We know the ability to read reviews before making a decision is incredibly empowering. From what to order at a restaurant to which is the best washing machine for a small apartment, the consumer review is a critical source for shoppers evaluating purchase decisions. And that’s showing no signs of slowing down.
We’ve seen that searches for the “best” product and product “reviews” continue to rise. But we’re seeing an evolution in the type of review people find valuable and the vast number of topics they are seeking advice on. People are looking to others just like them to virtually try before they buy.
To better understand how and why people are tapping into others, I sat down with Google’s Head of Ads Research and Insights Sara Kleinberg to discuss what her team has been finding in Google data and hearing from consumers.
So what are you seeing that’s new?
Sara Kleinberg: People want to know what they’re getting into before they make purchase decisions, but that’s not new. What’s new, that we learned from looking at YouTube videos people watch, is that they are both seeking out—and watching—other people's personal experiences to help them decide what’s right for them. It’s much more than just a product review.
Take travel, for instance. Before spending on a vacation, people want to understand the real deal. They want to see everything from how other families have fit in the hotel room to the amenities and local attractions, and even if their kids looked like they were having fun. Luckily for them, people upload “review” videos of their hotel rooms, of the locations, of things to do. People see videos of other kids having fun at the pool and it becomes real for them. It also shows people what things will be like through the eyes of someone like them—rather than polished website pictures. The 600% increase in the time people spend watching these types of travel videos on YouTube shows that exploring other’s experiences is now a meaningful part of decision making.1
What’s the appeal of this sort of video?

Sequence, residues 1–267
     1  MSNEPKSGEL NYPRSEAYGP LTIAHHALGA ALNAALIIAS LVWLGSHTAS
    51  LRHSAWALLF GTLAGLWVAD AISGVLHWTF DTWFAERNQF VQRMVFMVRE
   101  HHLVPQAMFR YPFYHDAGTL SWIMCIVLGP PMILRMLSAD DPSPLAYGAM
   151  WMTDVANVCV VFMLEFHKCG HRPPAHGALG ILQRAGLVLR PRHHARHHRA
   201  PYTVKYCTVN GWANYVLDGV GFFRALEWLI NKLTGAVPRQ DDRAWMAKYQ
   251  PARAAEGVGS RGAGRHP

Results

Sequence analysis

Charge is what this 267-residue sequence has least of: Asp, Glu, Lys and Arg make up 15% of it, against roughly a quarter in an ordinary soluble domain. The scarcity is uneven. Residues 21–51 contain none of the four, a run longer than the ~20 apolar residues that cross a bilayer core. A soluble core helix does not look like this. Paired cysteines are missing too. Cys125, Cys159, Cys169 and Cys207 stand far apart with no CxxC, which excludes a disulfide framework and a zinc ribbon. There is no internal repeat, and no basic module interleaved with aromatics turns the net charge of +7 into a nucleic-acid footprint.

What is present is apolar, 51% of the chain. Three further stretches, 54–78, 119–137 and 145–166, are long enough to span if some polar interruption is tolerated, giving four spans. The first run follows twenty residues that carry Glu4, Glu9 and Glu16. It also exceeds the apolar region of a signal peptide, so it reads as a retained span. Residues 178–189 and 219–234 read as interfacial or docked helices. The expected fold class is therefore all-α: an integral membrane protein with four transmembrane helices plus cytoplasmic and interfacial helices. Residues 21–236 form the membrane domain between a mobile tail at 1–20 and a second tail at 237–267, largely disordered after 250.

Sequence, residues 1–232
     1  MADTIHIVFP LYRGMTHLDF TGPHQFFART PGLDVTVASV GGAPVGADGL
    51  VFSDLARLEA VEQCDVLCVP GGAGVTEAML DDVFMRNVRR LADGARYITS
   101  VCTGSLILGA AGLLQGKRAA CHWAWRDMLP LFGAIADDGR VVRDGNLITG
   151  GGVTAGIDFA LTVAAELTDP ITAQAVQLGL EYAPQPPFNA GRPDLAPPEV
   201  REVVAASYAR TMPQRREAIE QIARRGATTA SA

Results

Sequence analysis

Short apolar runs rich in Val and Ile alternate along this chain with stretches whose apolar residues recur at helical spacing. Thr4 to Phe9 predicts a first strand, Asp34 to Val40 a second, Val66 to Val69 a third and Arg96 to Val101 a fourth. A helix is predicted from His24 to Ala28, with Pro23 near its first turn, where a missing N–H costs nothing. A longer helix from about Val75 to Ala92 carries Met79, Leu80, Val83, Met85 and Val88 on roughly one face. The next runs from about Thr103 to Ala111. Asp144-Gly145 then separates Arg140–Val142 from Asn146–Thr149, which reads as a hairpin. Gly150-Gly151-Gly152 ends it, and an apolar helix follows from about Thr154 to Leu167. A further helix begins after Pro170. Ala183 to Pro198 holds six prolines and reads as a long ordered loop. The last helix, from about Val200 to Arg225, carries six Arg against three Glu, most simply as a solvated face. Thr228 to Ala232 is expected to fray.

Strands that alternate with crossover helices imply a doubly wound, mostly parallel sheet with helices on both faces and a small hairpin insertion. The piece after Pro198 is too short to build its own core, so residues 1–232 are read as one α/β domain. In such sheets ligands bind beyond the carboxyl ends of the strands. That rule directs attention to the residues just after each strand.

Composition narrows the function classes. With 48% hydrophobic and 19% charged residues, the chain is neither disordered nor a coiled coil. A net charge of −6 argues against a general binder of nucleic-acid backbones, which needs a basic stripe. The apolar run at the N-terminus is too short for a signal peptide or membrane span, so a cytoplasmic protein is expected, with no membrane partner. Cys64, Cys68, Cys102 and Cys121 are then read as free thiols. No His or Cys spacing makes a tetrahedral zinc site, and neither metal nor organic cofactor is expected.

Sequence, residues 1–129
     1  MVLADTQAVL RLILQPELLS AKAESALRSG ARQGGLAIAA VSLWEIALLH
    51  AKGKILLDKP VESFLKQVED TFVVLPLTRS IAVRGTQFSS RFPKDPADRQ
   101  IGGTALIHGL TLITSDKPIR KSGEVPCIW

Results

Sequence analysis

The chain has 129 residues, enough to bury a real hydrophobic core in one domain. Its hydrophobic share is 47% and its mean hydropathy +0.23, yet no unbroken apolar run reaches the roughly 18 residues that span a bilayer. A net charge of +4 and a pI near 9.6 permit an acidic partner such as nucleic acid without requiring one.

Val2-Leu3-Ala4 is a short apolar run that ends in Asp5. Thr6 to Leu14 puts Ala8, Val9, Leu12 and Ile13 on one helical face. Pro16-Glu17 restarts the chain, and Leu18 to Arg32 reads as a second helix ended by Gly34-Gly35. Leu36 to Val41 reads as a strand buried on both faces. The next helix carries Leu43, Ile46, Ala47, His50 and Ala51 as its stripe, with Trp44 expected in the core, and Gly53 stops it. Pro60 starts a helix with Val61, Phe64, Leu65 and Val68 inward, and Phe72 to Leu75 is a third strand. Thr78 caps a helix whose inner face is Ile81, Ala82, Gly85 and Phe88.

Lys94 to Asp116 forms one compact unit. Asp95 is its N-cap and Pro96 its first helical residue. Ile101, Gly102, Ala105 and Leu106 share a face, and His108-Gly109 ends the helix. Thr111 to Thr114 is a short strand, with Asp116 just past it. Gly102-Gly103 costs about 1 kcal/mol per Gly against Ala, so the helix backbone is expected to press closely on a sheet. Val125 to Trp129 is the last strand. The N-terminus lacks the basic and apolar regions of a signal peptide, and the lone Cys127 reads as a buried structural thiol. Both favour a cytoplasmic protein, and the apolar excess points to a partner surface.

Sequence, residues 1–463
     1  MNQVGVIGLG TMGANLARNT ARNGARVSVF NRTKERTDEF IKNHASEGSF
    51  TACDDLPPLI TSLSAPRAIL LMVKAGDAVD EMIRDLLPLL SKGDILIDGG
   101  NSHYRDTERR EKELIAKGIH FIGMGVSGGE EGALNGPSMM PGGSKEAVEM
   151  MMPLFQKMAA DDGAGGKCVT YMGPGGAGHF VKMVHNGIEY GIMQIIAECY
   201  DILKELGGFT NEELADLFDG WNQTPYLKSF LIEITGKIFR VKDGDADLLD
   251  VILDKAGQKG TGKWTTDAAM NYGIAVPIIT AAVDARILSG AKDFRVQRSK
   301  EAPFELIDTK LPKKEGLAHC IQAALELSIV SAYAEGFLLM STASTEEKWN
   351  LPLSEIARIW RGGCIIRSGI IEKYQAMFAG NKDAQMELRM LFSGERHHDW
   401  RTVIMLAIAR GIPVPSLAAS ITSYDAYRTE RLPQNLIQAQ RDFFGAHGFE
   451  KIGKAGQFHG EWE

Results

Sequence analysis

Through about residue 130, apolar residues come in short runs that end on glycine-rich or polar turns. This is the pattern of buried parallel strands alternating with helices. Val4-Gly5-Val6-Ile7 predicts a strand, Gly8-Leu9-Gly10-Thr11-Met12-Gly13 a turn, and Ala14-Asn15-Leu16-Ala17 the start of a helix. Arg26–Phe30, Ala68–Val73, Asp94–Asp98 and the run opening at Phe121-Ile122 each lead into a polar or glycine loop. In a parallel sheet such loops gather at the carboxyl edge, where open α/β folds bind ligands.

Today’s consumer is research obsessed. Doing crazy amounts of research makes people feel more comfortable in their decisions. Getting an honest opinion from other Average Joes out there, who are just like them, and who have been through the same decision provides a sense of security.
Here’s the element of credibility: People want to see people they can relate to talking honestly about a product, both the good and the bad. It feels more trustworthy and lets them know what they’re getting into.
You get to see real-life use cases that are rarely included in marketing material. As an example, one person told us he was interested in “How is this drone going to work when flying in wind?” as well as tips and tricks for how to use it.
People also told us that other people’s videos are easier to understand than professional reviews. It’s straightforward, conversational language. No specifications. Just the basics. “Talk to me like you know me,” one person told us.
My mind goes straight to consumer electronics in these discussions. What are some of the other categories where you’re seeing this behavior?
We see people are searching for advice on a vast number of topics. I already mentioned travel. Cars are another area.
People are filming their first day with their new vehicle— a whole genre of “First Ride” videos—sharing how the seats feel, what the gas mileage is. These bring a new perspective. “I never saw it that way,” explained one person.
Cosmetics is another one. For instance, “First Impression” videos are showing people's experience with a makeup product the first time they use it. Before spending money, people want to see the best way to use a product and how it fits into their day-to-day regimen.
So does this apply only to shopping?
No. It’s about experiences, too. One woman told us that watching videos of someone canning fruits and vegetables gave her the confidence she needed to start a new hobby. “It made me feel at ease and that I was making good decisions instead of just doing this alone,” she told us.
We’re also seeing tremendous growth in “What I eat videos.” People can see what a fitness enthusiast is eating or what a vegan orders in a restaurant.
Basically, seeing other people do something in a similar situation is inspiring. It feels personal and instills confidence.
Any takeaways for marketers?
Yes. If you’re making videos, do a gut check to make sure you’re using everyday language and everyday people. People want to see something they can relate to. Also, show what your product is really like. Show it in real-world conditions.
For social, brands have realized that they shouldn’t make things too polished or too produced. The same applies here.